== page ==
Figure 8: APEX’s overall concern metric combines the various concern metrics into a single value, by which instructors can sort students to know who to focus investigations on. The ChatGPT student appears at the top of the list of 108 students, with a score of 0.940 (highest possible is 0.999). 

In this case, the ChatGPT student has high overall concern due to high style anomaly concern and high points-rate concern. Similarity concern was 0, due to this student being the only ChatGPT user in this class as the class was from Fall 2021 but the student used ChatGPT January 2023; in a contemporary class, it is likely multiple students might use ChatGPT and thus may have high similarity concern. The above overall concern does not yet consider similarity inconsistency concern, but soon will, which likely would yield an even higher overall concern score relative to classmates. 

We note that in late January 2023, ChatGPT’s creator OpenAI announced a tool to detect essays written by ChatGPT [Nyp23]. It seems to mostly emphasize detecting essays. For a variety of the above labs, we fed 15 Chat-GPT-generated programs and 15 human-written solutions (half being instructor solutions, half being student-submitted solutions) to the detector. It rates all programs as “likely” or “probably” being AI-written. As such, the tool does not currently seem useful for detecting AI-written programs. This is likely due to programs being far more constrained than essays. As such, the techniques described above may be more appropriate.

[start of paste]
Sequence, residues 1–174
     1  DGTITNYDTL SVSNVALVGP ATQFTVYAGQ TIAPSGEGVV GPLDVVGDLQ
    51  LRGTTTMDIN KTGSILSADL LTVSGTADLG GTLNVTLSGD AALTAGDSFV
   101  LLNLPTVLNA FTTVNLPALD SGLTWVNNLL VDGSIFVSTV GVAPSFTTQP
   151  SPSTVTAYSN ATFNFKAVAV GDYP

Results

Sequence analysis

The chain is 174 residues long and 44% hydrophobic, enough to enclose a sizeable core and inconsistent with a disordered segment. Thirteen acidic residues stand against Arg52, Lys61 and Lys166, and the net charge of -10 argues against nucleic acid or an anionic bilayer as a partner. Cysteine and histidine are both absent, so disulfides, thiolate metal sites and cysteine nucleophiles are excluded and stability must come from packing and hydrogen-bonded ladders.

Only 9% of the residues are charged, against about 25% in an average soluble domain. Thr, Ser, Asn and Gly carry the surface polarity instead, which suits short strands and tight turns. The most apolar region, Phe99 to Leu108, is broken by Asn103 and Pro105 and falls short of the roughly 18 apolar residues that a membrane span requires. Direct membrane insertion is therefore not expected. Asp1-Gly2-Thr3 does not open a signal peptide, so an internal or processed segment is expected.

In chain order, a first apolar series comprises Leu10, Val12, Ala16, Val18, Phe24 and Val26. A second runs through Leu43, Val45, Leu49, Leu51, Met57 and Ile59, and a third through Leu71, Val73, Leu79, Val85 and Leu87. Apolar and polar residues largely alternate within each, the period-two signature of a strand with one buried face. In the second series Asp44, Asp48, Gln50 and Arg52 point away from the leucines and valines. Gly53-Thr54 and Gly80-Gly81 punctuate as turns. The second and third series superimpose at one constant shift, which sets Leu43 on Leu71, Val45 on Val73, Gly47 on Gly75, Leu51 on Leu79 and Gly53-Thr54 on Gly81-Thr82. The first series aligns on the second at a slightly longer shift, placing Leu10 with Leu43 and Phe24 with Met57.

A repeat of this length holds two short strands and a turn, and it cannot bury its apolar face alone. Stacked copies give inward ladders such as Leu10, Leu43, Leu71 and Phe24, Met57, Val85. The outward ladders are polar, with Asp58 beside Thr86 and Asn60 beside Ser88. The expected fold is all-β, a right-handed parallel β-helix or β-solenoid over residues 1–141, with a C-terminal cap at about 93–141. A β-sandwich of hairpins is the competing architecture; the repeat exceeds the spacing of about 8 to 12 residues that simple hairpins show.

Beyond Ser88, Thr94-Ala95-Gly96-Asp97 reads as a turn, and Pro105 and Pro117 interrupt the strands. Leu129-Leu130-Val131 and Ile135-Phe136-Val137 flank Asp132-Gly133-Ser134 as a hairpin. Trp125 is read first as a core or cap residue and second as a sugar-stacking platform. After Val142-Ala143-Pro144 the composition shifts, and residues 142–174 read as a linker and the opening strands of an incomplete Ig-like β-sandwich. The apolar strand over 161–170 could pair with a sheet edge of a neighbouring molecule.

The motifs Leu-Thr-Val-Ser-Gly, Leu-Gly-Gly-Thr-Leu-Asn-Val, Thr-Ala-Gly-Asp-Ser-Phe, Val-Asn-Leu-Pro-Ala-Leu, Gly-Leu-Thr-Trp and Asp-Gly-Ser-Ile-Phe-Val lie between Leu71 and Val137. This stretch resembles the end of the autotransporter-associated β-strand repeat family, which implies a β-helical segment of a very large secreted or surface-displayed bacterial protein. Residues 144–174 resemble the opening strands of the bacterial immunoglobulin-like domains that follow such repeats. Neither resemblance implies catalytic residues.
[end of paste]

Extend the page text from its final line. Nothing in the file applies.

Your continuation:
ChatGPT magnifies the existing problem of many students using external sources to write their at-home programs, thus obtaining an inappropriately high grade for at-home programs (which, among other things, is unfair to classmates since high grades give students future advantages), and putting themselves at risk of not learning programming and then doing poorly on proctored exams, or in subsequent courses or jobs. Fortunately, automation developed over the past year to combat other external sources (Chegg, GitHub, contractors, etc.) currently works very well for detecting programs written by ChatGPT, via numerous methods. (1) zyBooks’ APEX beta tool detects the many style anomalies common in ChatGPT-generated programs. (2) Similarity checkers, like that found in APEX, will flag ChatGPT programs if used by more than a few students, because ChatGPT doesn’t generate unique programs for every student. (3) APEX can detect students earning points at an unusually fast rate compared to classmates, which works very well if all programming is done in the built-in IDE, and could also be extended to cases when an external IDE is used by detecting unusually fast completion between labs. (4) Style inconsistency can be readily observed visually using APEX’s single-student viewer that shows the programs for a single student across all selected labs, and work is underway to automatically assign a style inconsistency score as well. Additional techniques are possible too.